"Unlike most workers, aging farmers continue to farm, sometimes well into their 70s, making them more likely to be affected by arthritis," she said.
The federally funded AgrAbility program, started in 1994, is a partnership of MU Biological and Agricultural Engineering Extension, Columbia-based Services for Independent Living, St. Joseph-based Midland Empire Resources for Independent Living and the Missouri Division of Vocational Rehabilitation.
To learn more about this program, visit the Web site http://agrability.missouri.edu/ or call 800-955-8503.

Show-Me State of Mind for April 23rd, 2008

Illegal Immigration will dry up when jobs do
When it comes to illegal immigration, Washington just doesn't get it. With our lax border security, it's no wonder that illegal immigrants flock to our country. We need to secure our borders now. But you and I both know that the illegal immigrants who are already here came to this country to work at our factories, hotels, and corporate farms.
There are about 12 million illegal immigrants in the United States right now, and almost half of them entered the country after January 2001. These illegal immigrants are currently employed by 6 million different U.S. companies. But in 2007, only 17 firms faced criminal fines or other forfeitures for hiring illegal immigrants. That's right - just 17 of the 6 million firms employing illegals were punished. Those numbers just don't add up.
Senator Claire McCaskill hit the nail on the head. "Why is it that hundreds of bar owners can be sanctioned in Missouri every year for letting somebody with a fake ID have a beer, but we can't manage to sanction hundreds of employers for letting people use fake identities to obtain a job?" The answer is that the big business lobby has kept Washington wrapped around its little finger. In 2005, Congress failed to pass an amendment to increase the fines for businesses who knowingly hire illegal immigrants. And enough lawmakers beholden to corporate special interests continue to drag their feet.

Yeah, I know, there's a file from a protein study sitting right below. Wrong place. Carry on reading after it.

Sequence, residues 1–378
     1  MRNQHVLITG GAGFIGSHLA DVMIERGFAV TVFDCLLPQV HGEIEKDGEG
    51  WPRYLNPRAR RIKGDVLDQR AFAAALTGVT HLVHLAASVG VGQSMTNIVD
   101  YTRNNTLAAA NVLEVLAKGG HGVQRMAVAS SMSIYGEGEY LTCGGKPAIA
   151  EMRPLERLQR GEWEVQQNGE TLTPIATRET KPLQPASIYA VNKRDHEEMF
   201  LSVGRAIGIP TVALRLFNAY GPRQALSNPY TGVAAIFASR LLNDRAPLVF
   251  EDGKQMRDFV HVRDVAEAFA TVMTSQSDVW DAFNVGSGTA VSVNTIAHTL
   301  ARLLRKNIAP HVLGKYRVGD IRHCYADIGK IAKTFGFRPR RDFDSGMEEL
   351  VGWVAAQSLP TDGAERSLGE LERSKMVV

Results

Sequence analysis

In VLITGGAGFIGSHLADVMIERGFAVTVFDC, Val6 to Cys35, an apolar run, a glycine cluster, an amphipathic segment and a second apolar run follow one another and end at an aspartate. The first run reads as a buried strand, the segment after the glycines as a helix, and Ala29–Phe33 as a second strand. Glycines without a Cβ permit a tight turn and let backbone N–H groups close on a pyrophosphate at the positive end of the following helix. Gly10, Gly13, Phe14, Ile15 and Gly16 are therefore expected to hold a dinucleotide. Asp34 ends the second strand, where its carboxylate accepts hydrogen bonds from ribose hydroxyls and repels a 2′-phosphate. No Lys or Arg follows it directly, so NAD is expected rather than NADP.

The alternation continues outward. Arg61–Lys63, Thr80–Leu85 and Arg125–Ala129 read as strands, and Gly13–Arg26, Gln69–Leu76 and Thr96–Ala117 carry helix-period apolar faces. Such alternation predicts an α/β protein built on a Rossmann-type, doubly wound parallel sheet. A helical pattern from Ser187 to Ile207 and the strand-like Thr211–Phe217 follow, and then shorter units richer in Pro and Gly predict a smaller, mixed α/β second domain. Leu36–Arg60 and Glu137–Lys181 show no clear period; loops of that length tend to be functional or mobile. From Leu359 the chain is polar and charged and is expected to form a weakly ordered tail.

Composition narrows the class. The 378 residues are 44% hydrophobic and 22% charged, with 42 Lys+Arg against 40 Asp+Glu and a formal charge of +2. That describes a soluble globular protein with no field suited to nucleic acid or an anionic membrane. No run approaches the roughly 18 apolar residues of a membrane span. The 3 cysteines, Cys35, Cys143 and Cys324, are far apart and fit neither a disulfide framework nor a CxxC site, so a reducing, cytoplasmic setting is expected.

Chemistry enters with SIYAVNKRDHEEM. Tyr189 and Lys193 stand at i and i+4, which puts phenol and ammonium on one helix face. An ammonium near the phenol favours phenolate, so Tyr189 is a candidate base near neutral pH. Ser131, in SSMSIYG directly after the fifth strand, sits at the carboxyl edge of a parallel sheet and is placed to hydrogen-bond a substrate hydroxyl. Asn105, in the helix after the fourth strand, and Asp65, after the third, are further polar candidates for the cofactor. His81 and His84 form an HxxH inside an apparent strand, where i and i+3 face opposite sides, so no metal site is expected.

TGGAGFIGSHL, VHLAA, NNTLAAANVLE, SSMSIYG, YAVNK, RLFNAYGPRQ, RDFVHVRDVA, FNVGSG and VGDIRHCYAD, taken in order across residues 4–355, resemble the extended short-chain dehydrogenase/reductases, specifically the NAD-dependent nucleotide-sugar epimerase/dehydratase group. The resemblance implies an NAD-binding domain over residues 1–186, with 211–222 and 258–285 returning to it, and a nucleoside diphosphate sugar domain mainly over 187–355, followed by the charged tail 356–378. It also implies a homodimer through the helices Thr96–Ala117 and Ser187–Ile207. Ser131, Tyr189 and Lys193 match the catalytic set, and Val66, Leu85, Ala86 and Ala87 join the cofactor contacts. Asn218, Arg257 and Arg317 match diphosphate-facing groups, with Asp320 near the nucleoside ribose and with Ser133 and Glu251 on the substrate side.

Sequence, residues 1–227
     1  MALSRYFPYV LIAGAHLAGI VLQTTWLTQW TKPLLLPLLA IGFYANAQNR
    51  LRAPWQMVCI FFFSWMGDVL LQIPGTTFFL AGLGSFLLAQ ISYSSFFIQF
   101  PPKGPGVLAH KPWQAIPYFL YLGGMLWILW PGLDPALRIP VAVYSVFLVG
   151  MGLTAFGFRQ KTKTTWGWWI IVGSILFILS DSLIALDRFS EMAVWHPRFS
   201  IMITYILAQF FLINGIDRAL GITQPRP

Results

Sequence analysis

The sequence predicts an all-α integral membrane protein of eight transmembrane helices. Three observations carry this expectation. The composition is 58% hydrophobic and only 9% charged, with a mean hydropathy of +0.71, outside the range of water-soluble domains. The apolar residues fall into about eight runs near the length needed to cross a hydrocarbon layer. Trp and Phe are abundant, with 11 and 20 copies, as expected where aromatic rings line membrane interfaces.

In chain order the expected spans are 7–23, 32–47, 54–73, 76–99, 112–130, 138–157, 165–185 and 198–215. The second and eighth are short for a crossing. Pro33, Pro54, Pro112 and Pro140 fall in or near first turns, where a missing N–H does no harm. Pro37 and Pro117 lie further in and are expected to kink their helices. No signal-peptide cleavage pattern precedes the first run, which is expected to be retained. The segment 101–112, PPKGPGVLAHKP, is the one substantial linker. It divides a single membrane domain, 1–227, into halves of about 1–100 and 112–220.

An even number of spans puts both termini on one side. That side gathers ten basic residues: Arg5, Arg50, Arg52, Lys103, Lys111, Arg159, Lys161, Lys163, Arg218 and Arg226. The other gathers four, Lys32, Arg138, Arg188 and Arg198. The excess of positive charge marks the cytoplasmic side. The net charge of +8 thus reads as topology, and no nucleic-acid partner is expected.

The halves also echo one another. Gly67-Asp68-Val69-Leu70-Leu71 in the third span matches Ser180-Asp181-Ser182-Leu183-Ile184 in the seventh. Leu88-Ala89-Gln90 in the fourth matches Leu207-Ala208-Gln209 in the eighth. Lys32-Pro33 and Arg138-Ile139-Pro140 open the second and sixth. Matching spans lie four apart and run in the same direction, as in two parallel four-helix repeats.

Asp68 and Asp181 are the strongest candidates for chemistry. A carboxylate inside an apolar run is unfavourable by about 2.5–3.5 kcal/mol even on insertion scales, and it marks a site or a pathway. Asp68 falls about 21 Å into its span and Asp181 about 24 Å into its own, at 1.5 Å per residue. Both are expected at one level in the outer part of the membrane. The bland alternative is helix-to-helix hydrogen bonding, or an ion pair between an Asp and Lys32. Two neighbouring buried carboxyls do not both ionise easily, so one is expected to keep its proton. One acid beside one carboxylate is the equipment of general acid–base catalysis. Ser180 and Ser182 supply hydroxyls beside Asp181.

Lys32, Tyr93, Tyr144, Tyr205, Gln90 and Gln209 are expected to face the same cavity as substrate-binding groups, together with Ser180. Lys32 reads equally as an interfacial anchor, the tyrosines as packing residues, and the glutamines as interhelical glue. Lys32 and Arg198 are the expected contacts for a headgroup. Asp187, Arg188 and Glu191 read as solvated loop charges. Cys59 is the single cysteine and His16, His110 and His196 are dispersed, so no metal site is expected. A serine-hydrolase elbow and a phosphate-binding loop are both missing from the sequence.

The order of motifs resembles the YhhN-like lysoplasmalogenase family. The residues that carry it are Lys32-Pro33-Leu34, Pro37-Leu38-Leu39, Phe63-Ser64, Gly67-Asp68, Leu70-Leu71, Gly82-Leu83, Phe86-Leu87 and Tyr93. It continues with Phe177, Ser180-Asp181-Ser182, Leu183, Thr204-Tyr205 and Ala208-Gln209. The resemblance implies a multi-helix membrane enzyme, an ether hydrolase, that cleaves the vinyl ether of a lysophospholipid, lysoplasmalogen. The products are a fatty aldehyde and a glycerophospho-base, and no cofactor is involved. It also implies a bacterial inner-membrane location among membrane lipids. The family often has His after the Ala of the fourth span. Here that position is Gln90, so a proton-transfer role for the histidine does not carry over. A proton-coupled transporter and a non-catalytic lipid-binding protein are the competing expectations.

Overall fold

Washington stands by as businesses hire illegal workers instead of Americans. And we wonder why we're in a recession? I believe in an old-fashioned value called "accountability." Employers who hire illegal immigrants are breaking the law, and we need to hold them accountable. It's as simple as that.
A fine of less than $3,000 is pocket-change for a multi-million dollar firm. We need to significantly increase these fines for companies who knowingly hire dozens, or sometimes hundreds, of illegals. Illegal immigrants come across the border in search of jobs. We need to enforce and strengthen these laws to reverse this trend.
Kay Barnes is a candidate for U.S. representative for Missouri's 6th Congressional District

WCCC News for April 23rd, 2008

Monday we started our week with a movie, Cheaper by the Dozen, starring Steve Martin. In the late afternoon Becky and helper led Bible Story time.
Tuesday morning we had coffee and conversation. Madlyn Meek dropped by and we prevailed on her to play the piano for us. Our residents had several requests for favorites. In the afternoon we remembered Carol Burnett, the queen of Comedy. Then we enjoyed a Reminisce Story, Please Pass the Peas, it brought back memories of raising children.